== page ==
Like every year, Sunday’s 2020 Oscars ceremony was a night of overwhelming highs and abysmal lows. But Parasite is now a four-time Oscar winner, so things are mostly right in the world. Because of that, we’ll only be counting down the highs of this year’s host-less Oscars ceremony, which ran the gamut of emotions from confusing, to chaotic, to cathartic. Here are our highlights of the 92nd Academy Awards.Janelle Monae is Our New May Queen
In a gonzo opening number that would set the wacky tone for last night’s Oscar ceremony, Janelle Monae paid tribute to movies the Academy acknowledged, and the ones they snubbed. Donning a Mr. Rogers sweater to sing a twinkling rendition of his show’s famous theme song, “Won’t You Be My Neighbor?” Monae was soon joined by a host of background dancers dressed in costumes from snubbed films, including Us, Midsommar, Dolemite Is My Name, and more.
As she crowned herself the new May Queen while singing her hit song “Come Alive,” Monae made a searing indictment of the Oscars’ diversity problem. “It’s time to come alive because the Oscars is so white!” she shouted, before getting Cynthia Erivo, Leonardo DiCaprio, and Brie Larson to awkwardly sing along. It was weird, it was tongue-in-cheek, and it was the kind of wild, chaotic energy that would set the tone for the rest of a strange Oscar ceremony.Attack of the Elsas
The Oscars showed its commitment to its global outreach with a soaring rendition of Frozen 2‘s flagship song “Into the Unknown,” led by star Idina Menzel, who was joined by nine international actresses who had also voiced Elsa. Since the film’s November release, Frozen 2 has been translated into 45 other languages, of which 10 were represented at the Oscars during a multilingual rendition of “Into the Unknown.” All dressed in icy flowing gowns and singing in different keys sorry Denmark, the Elsa’s joined forces to give us the kind of glamorous, shimmering spectacle that we crave from Hollywood’s biggest night.Every Time Bong Joon-Ho Was Onstage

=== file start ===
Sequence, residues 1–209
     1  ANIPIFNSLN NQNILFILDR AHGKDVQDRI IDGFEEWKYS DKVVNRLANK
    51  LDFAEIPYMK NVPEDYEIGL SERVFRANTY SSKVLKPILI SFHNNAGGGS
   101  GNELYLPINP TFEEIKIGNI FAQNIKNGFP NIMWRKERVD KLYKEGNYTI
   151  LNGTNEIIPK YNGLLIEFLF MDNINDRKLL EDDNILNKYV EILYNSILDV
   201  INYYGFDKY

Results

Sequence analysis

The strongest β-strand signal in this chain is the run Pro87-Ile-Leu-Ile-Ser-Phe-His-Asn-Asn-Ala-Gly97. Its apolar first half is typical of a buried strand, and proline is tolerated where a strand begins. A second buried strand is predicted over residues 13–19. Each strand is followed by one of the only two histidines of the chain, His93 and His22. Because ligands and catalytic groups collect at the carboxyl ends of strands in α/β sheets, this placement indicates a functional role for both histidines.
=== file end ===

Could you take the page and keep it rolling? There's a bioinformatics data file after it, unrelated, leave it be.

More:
Parasite director Bong Joon-ho has been a gift for us this awards season, entertaining us with his sick burns and his pure joy at celebrating cinema alongside the auteurs he admires. And he continued to delight every time he was onstage — nay, every time he was on the screen during the 2020 Oscars.
From his adorable giggle as he looked fondly at his Oscar statuette when he and co-writer Han Jin Won won Best Original Screenplay, to frequent jokes about how he was going to “drink until next morning,” Bong won the night in every aspect because of his sheer earnestness — which was best exemplified by his acceptance speech for his Best Director...